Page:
Direction of Rotation

Torque Arm

d Fulcrum

F Force causing torque

Torque— The magnitude of force multiplied by the distance from its point of application to an axis of rotation.

. Torque is constant. The torque rating shown is the maximum at any shaft speed. The published torque rating is calculated to provide a minimum of 300 hours life, at continuous service, at that torque level. 13

Adapter Gear Assemblies Adapter gear assemblies are used to reach PTO drive gears in transmissions with non-standard mounting depths; to reverse PTO shaft rotation; or, in some instances, to angle a PTO to avoid a mounting obstruction. Muncie makes adapter gear assemblies to fit most transmissions and in various body styles— solid body, vertical offset, and angular offset.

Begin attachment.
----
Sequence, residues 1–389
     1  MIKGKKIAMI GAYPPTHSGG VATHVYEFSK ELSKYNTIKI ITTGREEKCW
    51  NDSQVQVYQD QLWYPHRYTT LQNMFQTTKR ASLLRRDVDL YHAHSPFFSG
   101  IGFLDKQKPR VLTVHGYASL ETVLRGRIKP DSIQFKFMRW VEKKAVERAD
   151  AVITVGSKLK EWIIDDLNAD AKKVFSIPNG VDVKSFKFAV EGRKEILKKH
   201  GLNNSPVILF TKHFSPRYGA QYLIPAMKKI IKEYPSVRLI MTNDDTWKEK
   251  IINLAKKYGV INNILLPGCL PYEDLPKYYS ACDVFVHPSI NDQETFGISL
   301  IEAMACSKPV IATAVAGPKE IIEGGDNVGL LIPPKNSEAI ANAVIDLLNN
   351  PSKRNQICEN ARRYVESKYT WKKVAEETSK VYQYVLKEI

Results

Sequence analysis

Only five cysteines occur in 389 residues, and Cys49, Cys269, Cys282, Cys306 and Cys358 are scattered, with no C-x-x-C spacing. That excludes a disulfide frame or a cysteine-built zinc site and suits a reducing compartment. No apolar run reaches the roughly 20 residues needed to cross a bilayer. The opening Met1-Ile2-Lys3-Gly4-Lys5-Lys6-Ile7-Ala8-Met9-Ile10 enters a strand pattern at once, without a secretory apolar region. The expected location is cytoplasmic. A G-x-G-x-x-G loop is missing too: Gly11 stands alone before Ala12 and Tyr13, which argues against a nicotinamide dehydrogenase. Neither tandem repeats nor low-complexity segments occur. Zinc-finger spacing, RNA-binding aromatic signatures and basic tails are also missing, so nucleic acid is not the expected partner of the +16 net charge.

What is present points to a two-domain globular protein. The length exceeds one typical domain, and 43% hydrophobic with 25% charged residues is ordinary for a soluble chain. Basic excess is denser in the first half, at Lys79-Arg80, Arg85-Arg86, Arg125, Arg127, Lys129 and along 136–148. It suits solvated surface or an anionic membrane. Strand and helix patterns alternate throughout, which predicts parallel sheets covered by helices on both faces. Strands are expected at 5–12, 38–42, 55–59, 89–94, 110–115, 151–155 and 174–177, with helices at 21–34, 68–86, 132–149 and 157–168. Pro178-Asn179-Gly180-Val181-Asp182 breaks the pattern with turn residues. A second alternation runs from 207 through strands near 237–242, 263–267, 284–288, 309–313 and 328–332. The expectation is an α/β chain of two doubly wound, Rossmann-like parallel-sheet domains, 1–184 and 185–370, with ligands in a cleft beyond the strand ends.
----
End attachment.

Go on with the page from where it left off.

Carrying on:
Adapter gear used to reach non-standard depth drive gear.

Most adapter gears are made with the same diameter gear as the PTO input gear and do not affect the PTO speed. Some, which utilize a cluster gear, will affect speed. Refer to the footnotes in the PTO Quick Reference catalog for specific applications. Speed Increasing Adapter

When utilizing an adapter, the following three things must be considered: Adapter gears will always reverse the rotation of the PTO output shaft. In the PTO application catalog if an adapter is shown in the “ADAPTER” column, the rotation shown is with the adapter. If none is indicated in the “ADAPTER” column but one is shown in the “ADAPTER TO CHANGE ROTATION” area, the PTO rotation shown is without the adapter.

Meshes with PTO

Meshes with Transmission